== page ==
Where Does Torch Insight Data Come From?
Torch Insight is built on an integrated data warehouse that combines a multitude of different data sources and links the data together in a way that allows for exploration, analysis, benchmarking, and generally gaining insight into how different players in healthcare markets are connected. A key component of any data platform is understanding where the underlying Torch Insight data comes from. In this blog I’ll talk about where underlying data comes from and how it’s integrated into the platform.
There are three major underlying sources for the data that we use: (1) publicly available data, (2) licensed data, and (3) collected data. Additionally, there is a wealth of derived data that we provide.
Publicly Available Data
There are thousands of publicly available datasets that are sponsored and maintained by a variety of different entities. The majority of these are managed by government entities and, because of the public funding that sponsors their creation, they are disseminated publicly. Others are sponsored by not-for-profit organizations, and a handful are released by for-profit entities. For Torch Insight, we work with many dozens of publicly-funded data sources including those sponsored by the Centers for Medicare & Medicaid Services (CMS), the United States Census Bureau, the Centers for Disease Control (CDC) and others.
Many of these sources are direct sources since they are the result of government-backed studies or data collection efforts. Think of these like data from the Census Bureau where the direct collection of demographic information was the intent of the programs that created them. Others, such as many of the datasets from CMS, are indirect sources since they are derivatives of other programs. Medicare beneficiary demographics, for example, are derived from the data captured which is required to run the Medicare program.
A variety of data sources that we use come from proprietary sources that we license from other companies. These come from a variety of vendors that collect data for a variety of reasons. Some are in the business of collecting and selling data, while others are in a separate business and have collected large amounts of data as a result of that business and are seeking opportunities to disseminate it with business partners. An example of this data is health insurer financial and enrollment data which is reported quarterly to the National Association of Insurance Commissioners. Data that we license from others includes redistribution permissions, so we can resell that data, and the derivative work we generate from it, to our clients.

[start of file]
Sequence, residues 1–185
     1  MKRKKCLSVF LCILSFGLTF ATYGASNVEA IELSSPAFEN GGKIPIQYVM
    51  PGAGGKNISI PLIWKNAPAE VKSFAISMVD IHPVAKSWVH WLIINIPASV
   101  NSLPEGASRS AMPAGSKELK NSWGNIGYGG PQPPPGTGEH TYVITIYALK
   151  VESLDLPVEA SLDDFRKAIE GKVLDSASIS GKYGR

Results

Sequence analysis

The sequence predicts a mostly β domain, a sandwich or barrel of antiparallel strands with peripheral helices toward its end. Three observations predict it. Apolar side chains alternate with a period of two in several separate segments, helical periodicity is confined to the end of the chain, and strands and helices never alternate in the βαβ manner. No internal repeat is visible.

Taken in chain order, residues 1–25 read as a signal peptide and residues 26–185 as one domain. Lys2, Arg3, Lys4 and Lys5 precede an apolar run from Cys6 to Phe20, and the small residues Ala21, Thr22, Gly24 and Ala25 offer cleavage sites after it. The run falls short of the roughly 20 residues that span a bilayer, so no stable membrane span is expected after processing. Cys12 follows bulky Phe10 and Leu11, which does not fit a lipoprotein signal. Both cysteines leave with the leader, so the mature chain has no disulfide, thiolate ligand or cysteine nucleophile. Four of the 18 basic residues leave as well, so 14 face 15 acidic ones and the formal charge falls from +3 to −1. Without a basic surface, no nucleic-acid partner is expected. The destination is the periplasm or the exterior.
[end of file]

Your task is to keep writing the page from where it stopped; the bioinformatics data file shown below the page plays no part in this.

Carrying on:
A subset of licensed data is data that we have a license to use but are only able to sell derivative work. For example, we do not sell claims data, but we do license claims data that we are able to extract information from, including standardized reports and relationships, and then we share just the extracted or generated data.
The third source of data is data that we manually collect. For example, our ACO Database was originally started in 2010 and we have a team that is focused on maintaining a record of all payment contracts where healthcare providers accept risk for the patients they care for. Other manually collected data is validated data where we have a team that manually insures that our other data sources are correct, such as validating addresses and phone numbers, or taking known healthcare providers that come from other sources and adding additional information such as websites and identifying which health system they are affiliated with. We have manually validated hundreds of thousands of variables and fields and continue to do so on an ongoing basis.
Similar to some of the standardized reports we generate from claims data, we also create other derivative work from our base datasets. This includes making basic calculations, such as standardized financial ratios, or applying more sophisticated model derived from dozens of variables to make customized estimates.
Knowing Where the Data Comes From